Twitter recently reached an incredible milestone: it delivered 200 million tweets per day. That’s equal to 28,409 miles of tweets (if all 140 characters are used), which when you consider that the earth’s circumference is 24,901 miles across, is pretty impressive.
With that amount of Twitter traffic, we need to be able to cut through all the noise and identify what is and isn’t worth reading, but how?
Firstly ask yourself: am I contributing to the noise? Before I send a tweet I always ask myself —is this going to be of value to my followers? Most of the time the answer is yes but occasionally I realise I’m about to add to the deafening sound of uninteresting, irrelevant twittering and stop myself. It’s a good habit to get into.
Seth Godin, blogger, provides a good example of this in his article, Modern Procrastination. He discussed how social networks are misused in the work place as a way to avoid doing work. It inevitably caused debate in the Twitter world, but I think he had a point. This sort of tweeting adds noise to an already crowded network.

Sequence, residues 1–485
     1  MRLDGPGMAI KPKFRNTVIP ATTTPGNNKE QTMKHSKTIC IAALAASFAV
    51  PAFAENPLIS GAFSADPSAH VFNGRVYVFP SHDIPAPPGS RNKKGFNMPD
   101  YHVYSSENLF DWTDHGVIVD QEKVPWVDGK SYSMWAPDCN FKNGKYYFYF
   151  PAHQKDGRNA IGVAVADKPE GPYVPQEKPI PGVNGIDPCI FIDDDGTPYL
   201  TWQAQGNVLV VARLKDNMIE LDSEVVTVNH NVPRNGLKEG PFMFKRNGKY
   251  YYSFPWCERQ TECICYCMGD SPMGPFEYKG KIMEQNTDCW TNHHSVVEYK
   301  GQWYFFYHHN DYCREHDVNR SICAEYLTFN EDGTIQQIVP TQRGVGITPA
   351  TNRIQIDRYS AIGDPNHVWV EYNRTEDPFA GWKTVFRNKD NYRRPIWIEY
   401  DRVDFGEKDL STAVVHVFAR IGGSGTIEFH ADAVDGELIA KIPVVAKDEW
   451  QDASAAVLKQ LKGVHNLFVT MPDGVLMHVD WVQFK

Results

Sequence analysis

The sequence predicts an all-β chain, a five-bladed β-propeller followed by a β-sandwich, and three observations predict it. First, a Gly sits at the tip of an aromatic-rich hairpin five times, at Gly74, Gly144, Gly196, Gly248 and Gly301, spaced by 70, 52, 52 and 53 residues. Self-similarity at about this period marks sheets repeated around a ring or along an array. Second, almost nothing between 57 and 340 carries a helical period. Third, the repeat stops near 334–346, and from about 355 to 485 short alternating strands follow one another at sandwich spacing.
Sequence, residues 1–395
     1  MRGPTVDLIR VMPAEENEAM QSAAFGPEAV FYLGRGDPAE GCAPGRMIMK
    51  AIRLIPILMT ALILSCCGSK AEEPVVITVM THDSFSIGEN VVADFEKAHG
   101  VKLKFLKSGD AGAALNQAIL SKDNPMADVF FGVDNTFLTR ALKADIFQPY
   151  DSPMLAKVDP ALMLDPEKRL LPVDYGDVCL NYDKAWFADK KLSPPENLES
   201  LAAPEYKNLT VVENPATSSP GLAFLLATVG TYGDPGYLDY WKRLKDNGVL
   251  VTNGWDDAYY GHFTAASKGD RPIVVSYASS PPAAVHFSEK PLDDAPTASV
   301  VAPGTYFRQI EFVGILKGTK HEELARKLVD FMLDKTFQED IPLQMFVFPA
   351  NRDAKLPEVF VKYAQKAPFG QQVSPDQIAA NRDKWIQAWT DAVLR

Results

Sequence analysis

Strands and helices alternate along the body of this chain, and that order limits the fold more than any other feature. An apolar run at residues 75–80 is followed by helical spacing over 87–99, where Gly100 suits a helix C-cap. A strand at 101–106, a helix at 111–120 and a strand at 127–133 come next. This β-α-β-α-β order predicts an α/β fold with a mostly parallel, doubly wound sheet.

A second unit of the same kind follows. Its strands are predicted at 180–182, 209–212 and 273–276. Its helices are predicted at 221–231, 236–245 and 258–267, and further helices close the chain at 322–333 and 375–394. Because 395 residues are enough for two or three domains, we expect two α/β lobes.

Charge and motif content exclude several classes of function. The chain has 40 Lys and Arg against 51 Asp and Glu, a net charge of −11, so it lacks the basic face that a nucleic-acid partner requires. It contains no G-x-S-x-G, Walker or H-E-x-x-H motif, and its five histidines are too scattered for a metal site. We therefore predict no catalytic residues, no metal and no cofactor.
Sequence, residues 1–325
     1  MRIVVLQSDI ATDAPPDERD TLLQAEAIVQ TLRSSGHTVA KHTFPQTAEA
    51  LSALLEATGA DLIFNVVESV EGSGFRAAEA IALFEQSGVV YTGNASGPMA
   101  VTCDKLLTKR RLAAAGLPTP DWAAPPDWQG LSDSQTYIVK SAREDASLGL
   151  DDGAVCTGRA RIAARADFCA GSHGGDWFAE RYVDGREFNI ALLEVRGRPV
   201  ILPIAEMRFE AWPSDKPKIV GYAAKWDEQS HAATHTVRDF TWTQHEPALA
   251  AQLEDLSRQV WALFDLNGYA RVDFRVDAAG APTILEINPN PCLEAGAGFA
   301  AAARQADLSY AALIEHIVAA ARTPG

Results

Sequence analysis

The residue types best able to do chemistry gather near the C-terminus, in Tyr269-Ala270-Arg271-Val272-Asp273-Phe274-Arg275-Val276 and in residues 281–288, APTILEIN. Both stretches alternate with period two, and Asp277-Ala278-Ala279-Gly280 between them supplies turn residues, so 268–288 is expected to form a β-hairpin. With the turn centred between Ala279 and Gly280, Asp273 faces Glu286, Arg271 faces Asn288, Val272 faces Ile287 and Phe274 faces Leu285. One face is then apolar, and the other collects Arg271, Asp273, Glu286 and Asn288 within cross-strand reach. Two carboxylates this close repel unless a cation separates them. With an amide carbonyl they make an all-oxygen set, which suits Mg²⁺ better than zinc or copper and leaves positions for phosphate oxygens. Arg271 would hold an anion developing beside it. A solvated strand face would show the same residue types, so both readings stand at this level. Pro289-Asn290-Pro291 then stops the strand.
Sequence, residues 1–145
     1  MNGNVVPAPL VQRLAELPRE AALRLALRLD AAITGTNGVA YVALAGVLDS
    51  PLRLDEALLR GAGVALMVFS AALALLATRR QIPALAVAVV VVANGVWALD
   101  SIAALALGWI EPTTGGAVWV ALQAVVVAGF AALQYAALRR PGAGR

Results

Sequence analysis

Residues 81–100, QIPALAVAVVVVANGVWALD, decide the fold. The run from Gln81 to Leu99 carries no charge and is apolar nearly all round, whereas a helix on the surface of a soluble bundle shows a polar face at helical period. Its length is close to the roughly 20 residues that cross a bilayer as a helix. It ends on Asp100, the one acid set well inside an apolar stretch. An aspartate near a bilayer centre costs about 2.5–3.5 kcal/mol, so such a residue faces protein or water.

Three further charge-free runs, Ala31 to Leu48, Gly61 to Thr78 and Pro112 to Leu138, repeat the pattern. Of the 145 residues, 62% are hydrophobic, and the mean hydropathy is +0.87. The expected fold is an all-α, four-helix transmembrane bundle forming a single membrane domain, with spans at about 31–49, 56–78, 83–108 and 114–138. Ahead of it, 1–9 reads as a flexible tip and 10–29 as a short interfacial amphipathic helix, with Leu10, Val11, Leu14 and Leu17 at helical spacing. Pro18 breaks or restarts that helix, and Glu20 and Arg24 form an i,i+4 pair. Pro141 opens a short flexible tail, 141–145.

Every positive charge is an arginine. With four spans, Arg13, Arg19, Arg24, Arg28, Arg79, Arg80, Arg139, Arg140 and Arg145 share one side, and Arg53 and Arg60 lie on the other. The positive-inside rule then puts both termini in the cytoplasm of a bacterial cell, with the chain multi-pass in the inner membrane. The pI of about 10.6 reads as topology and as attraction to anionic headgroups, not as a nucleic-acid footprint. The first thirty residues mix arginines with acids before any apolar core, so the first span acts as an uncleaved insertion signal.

Another thing to consider is grammar. This is of huge importance — good grammar gives you credibility as a writer and subject matter expert. Always check your tweet reads well otherwise you may find your followers humming to a different tune.
Hashtagging for me is one of the most beneficial ways to avoid contributing to the din. A hashtag is basically a virtual filing system — it places your tweet in the relevant section of the library and allows people to search for specific information. I use IceRocket to search for these tags and it allows me to find information that’s relevant to my search needs.
In general it’s up to the individuals to learn good etiquette when using social networks to avoid wasting people’s time. Chris Brogan wrote an interesting article, ‘An insider’s guide to social media etiquette’ which is a good place to start.
Twitter is a numbers game. This means that you should be clear about what you are tweeting about so that you attract, and tweet to, your target audience (also known as ‘numbers’). If you’re not providing value, you’re likely wasting the time of your followers and potentially your customers.
In my opinion, Twitter is by far the most valuable social media tool there is, especially for the communications industry. I’m able to interact with people in our industry, share and gain knowledge and get an insight into the lives of people that dominate the media. I spend about 60 minutes a day checking twitter messages, clicking on links, and reading articles — it’s a great resource when messages are communicated correctly — let’s keep it that way.